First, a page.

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Make no mistake, there's going to be a stock market crash.
But that doesn't mean you shouldn't be in the market. You absolutely should be.
In fact, being fully invested makes sense. Markets don't crash without giving investors a warning.
Despite the fact we're now more prone to a 1987-style crash than ever, there are strong reasons why you should be invested.
Being on the sidelines while stock markets are regularly making higher highs is a loser's game. Sure, the market can crash, but what if it goes up for another five years and you're still waiting?
Here are what the warning signs will look like and how you can make a quick fortune on the next crash...
How to See a Crash Coming from a Mile Away
No one knows when this raging bull market's going to top out, turn, or crash. And no one should worry about it.
If the market tops out, there'll be plenty of time to take profits and position yourself for whatever's coming next. If the market turns down, it won't happen quickly, and you'll have plenty of time to position yourself for whatever's coming next.
The only thing to be concerned about is a crash because when the market crashes, it happens quickly.
But even that won't happen without warning.
Every major market crash (the panic of 1907, the 1929 crash, Black Monday in 1987, the 2000 tech wreck, and the 2008 crisis) gave investors plenty of warning.
Personally, I had a great day on Oct. 19, 1987. I got completely out of the way of the tech wreck after riding it up, had sold everything, and started shorting stocks in September 2008.
Bubbles are easy to spot, everyone sees them. It's just what you do about them that matters.
The question today is, are we in a bubble? The answer is NO.
All the historical valuation measures of stocks and markets point to them being fully valued, and that doesn't mean they're overvalued or anywhere near bubble territory.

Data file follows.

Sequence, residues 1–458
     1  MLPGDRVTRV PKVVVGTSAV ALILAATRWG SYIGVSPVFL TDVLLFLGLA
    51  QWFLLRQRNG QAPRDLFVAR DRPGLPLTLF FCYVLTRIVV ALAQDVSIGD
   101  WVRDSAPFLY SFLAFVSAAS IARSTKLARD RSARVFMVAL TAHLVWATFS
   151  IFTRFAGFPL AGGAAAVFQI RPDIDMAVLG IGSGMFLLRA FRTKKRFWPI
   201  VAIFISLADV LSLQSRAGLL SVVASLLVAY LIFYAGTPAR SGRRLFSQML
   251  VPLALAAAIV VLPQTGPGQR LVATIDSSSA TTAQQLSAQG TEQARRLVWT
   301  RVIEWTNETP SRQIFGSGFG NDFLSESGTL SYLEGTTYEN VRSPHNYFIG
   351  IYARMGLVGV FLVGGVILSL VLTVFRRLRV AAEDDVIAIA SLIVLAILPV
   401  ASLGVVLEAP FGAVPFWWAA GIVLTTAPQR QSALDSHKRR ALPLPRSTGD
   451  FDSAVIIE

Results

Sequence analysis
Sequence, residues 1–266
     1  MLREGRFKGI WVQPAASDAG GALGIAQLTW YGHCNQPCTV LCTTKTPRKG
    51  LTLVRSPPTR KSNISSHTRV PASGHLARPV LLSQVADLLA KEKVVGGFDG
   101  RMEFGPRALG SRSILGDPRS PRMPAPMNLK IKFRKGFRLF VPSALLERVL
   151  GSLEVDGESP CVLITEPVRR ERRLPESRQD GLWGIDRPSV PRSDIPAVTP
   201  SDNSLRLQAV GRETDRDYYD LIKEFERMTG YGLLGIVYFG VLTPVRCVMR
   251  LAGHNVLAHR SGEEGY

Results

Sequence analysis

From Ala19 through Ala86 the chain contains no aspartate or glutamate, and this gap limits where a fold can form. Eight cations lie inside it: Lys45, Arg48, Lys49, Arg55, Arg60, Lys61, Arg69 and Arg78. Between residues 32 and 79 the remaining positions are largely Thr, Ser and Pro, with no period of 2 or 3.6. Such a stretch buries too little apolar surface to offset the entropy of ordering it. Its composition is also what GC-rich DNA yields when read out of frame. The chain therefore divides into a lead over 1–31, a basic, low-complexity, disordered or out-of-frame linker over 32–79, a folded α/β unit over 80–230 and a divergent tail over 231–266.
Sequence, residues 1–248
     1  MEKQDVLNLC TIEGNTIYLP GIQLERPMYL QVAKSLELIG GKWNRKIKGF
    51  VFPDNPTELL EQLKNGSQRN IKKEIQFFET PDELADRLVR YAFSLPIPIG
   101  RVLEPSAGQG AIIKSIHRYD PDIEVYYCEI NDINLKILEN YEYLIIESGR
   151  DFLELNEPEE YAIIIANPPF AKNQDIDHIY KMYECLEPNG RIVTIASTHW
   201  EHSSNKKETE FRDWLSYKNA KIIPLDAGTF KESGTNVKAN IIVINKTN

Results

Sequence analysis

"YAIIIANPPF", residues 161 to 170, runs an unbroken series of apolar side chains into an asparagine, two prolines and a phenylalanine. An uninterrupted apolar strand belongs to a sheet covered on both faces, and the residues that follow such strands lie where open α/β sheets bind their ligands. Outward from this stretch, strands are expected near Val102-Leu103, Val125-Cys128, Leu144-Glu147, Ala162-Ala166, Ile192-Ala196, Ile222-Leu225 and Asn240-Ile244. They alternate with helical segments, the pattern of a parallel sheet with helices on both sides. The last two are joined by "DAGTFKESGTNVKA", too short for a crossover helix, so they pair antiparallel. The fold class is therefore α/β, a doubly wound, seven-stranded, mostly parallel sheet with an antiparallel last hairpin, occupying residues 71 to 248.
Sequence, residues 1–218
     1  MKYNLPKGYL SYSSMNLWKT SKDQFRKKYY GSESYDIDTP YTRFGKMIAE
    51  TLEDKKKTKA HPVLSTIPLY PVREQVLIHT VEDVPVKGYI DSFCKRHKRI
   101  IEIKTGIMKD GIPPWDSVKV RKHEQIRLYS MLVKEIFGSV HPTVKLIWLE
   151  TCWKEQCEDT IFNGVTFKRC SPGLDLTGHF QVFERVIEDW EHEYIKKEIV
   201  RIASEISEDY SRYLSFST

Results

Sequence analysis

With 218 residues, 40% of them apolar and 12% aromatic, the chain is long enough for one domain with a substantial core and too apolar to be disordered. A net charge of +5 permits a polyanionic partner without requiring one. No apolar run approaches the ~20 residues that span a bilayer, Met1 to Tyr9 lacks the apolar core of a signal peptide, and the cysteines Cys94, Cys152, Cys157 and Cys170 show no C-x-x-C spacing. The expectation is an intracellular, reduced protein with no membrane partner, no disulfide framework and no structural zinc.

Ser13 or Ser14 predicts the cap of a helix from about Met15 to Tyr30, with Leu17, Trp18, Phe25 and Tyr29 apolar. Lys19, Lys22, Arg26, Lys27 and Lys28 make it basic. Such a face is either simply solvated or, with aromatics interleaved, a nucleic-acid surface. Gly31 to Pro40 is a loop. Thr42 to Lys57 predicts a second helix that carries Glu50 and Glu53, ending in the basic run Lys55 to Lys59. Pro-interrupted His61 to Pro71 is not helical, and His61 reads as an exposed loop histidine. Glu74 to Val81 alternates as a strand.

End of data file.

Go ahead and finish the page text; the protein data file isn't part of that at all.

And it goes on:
The domestic and global macro view of economic growth is positive. In fact, it's very positive, relative to the past decade of subpar GDP growth.
With the United States and most of the world growing again, there's plenty of room for corporate earnings to improve. Even though stocks may be fully priced, accelerating growth will pad corporate revenue and earnings and keep them from becoming overvalued and entering bubble status.
The big companies leading markets higher, the tech darlings and industrial multinationals, are all capable of expanding their market share and profitability.
When investors look at those companies objectively, they see their extraordinary growth potential and are willing to pay up for their earnings potential. That means earnings per share by multiple measures are high for most of the leading companies, but justifiable if they continue to expand their profitability.
With growing earnings, stocks aren't going to suddenly roll over.
There'll have to be a catalyst, typically an external catalyst, as there always has been preceding a crash.
External catalysts today could include war breaking out with North Korea, a nuclear device being detonated somewhere, a sovereign debt default, a cyberattack on critical infrastructure in the United States, or something that threatens business and commerce.
The buildup and unfolding of a catalyst can usually be seen from a distance and allows investors time to react.
About the Author
Shah Gilani boasts a financial pedigree unlike any other. He ran his first hedge fund in 1982 from his seat on the floor of the Chicago Board of Options Exchange. When options on the Standard & Poor's 100 began trading on March 11, 1983, Shah worked in "the pit" as a market maker.
The work he did laid the foundation for what would later become the VIX - to this day one of the most widely used indicators worldwide. After leaving Chicago to run the futures and options division of the British banking giant Lloyd's TSB, Shah moved up to Roosevelt & Cross Inc., an old-line New York boutique firm. There he originated and ran a packaged fixed-income trading desk, and established that company's "listed" and OTC trading desks.
Shah founded a second hedge fund in 1999, which he ran until 2003.
Shah's vast network of contacts includes the biggest players on Wall Street and in international finance. These contacts give him the real story - when others only get what the investment banks want them to see.
Today, as editor of Hyperdrive Portfolio, Shah presents his legion of subscribers with massive profit opportunities that result from paradigm shifts in the way we work, play, and live.
Shah is a frequent guest on CNBC, Forbes, and MarketWatch, and you can catch him every week on Fox Business's Varney & Co.